Poll bets told: It's not just about ad frequency

Posted at 09/03/2014 10:02 PM | Updated as of 09/03/2014 10:02 PM

MANILA - Political strategist Malou Tiquia has a piece of advice for aspiring candidates for the 2016 elections -- the frequency of your advertisements will not ensure your victory in the polls.

Speaking to ANC's "Beyond Politics," Tiquia said more than the frequency of their political advertisements, candidates should know their specific target audience.

"A lot of candidates would always use frequency: 'The higher the frequency, mananalo kami.' 'Oy, bakit sa result ng survey walang traction?' They forget the other side, which is reach. Sino ba yung tina-try mong i-reach?" she said.

"Kung hindi mo nade-define yan, and you say: 'Ah, wala akong command vote, market votes lahat.' Eh di tina-target mo yung 52 million, which is bad campaigning," she added.

She said because of this notion that high frequency of advertisements always translates to more number of votes, some candidates only end up spending so much money but do not get the assurance that they would win in the elections.

"At the end of the day, when you quantify the expenditure and the votes, you're spending more for the ads than the votes you got," she said.

Tiquia suggested that candidates in 2016 combine the traditional platforms -- television, radio and print media -- with convergence platforms -- mobile devices and digital cable -- for their political advertisements.

"There's a way where you can put together the convergence of technologies -- from your traditional to new media. And really, that platform and that black box would be the defining moment for 2016," she said.

Pulse Asia president Ronald Holmes, likewise, pointed out that strengthening name recall through repetitive political advertisements does not necessarily translate to high number of votes.

"It doesn't mean that if voters know and recall your advertisement, they will vote for you," he said.

He said the advertisement has to fit the image of the candidate, and the candidate in turn must "walk the talk."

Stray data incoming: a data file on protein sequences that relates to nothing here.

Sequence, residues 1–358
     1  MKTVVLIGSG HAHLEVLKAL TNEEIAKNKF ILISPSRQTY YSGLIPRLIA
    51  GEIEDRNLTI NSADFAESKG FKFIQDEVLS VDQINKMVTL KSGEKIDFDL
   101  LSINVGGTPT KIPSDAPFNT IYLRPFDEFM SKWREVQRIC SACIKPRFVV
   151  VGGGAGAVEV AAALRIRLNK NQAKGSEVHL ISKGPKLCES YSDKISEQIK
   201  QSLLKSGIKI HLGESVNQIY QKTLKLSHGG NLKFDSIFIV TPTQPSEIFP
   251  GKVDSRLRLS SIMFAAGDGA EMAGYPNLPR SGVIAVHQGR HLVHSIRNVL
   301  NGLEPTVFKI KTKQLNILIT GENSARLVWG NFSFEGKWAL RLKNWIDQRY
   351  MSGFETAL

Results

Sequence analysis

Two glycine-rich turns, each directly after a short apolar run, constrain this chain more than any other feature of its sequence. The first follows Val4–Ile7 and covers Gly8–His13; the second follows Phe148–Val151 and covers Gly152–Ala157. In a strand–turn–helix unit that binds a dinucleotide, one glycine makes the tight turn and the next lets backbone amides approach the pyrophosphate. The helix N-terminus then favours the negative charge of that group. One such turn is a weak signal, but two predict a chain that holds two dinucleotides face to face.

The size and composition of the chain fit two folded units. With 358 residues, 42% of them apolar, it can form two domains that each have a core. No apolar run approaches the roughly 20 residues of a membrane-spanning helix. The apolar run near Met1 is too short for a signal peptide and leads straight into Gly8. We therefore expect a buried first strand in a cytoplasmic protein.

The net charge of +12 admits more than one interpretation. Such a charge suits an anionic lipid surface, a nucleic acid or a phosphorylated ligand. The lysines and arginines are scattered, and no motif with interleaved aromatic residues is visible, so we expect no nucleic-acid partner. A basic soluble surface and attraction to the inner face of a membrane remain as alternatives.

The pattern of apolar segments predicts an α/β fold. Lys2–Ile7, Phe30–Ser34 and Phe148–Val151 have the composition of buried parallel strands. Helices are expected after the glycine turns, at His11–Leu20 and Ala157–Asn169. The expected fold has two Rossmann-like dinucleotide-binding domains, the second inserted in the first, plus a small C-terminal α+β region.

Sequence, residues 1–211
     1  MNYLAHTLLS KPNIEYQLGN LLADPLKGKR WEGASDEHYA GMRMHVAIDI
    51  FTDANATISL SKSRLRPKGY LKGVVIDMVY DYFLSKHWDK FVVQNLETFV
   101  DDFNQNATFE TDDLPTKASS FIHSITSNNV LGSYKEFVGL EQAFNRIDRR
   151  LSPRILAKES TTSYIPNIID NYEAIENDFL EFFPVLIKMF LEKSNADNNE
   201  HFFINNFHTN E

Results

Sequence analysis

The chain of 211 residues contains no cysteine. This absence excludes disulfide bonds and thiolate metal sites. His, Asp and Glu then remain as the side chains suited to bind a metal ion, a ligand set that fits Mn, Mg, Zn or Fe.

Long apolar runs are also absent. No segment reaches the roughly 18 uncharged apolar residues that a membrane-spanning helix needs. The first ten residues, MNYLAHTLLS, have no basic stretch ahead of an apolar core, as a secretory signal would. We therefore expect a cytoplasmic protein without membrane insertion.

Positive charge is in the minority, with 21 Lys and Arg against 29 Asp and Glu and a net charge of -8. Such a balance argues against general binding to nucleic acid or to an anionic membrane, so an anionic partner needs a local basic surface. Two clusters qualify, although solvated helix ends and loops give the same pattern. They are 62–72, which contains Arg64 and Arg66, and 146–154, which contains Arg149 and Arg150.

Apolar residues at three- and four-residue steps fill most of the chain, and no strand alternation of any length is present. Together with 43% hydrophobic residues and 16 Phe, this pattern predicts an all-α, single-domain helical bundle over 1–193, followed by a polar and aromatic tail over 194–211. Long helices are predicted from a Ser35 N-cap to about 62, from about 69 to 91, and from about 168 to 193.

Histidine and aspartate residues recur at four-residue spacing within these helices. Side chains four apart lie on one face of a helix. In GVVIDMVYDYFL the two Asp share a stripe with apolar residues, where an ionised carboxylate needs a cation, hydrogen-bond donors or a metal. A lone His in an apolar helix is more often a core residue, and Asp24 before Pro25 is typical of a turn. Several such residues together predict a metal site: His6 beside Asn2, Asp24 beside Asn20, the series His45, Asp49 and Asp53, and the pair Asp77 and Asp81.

"Voters are able to assess the authenticity, credibility of the individual who delivers a particular message. So in that regard, I think candidates who would use policacies or political advertisements for that matter have to carefully craft their advertisements, that things that they say can be associated with them," Holmes said.

Meanwhile, he said more political advertisements can be expected for the next elections following the Supreme Court's (SC) ruling declaring as unconstitutional the Commission on Elections' (Comelec) rule on airtime limits for candidates.

Voting 14-0, the high court said the poll body's policy to allow national candidates just 120 minutes of television advertisements and 180 minutes of radio commercials in aggregate total is illegal.

Previously, candidates were allowed the same amount of time, but on a per station basis.

"The Supreme Court decision would help them (candidates) because that increases the airtime during the period of the campaign, which is just simply in middle of February 2016. But prior to that, they can spend as much as they can, if they want, or as much as they have," Holmes said.

"The other thing is that the advertisements that are counted in the limit are not these advertisements that are coming out now," he added.

The Comelec, for its part, said the SC's ruling negated a mechanism to level the playing field among candidates.